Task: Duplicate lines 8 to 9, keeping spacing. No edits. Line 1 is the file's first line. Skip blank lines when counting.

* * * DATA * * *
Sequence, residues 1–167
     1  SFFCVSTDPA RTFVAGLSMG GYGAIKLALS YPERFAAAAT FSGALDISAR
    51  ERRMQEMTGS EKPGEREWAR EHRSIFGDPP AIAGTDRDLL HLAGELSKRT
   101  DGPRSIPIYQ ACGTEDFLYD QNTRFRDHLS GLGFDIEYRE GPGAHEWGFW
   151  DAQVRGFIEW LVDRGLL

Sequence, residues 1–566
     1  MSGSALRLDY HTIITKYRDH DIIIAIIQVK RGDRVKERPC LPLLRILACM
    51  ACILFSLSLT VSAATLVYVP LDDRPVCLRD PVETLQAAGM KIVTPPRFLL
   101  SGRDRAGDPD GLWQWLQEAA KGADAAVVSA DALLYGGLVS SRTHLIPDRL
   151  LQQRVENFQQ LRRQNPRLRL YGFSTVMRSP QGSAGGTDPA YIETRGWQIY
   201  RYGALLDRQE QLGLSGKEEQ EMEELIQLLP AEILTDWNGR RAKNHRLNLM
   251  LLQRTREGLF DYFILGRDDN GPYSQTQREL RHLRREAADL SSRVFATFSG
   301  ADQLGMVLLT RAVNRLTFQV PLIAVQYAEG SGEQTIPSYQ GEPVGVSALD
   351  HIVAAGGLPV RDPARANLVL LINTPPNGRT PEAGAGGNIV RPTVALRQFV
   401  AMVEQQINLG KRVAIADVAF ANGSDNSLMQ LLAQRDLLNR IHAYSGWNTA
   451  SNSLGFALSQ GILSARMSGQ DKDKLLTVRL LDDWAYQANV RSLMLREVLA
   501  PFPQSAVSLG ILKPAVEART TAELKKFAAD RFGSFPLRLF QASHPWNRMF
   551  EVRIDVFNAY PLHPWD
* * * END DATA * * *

    51  ACILFSLSLT VSAATLVYVP LDDRPVCLRD PVETLQAAGM KIVTPPRFLL
   101  SGRDRAGDPD GLWQWLQEAA KGADAAVVSA DALLYGGLVS SRTHLIPDRL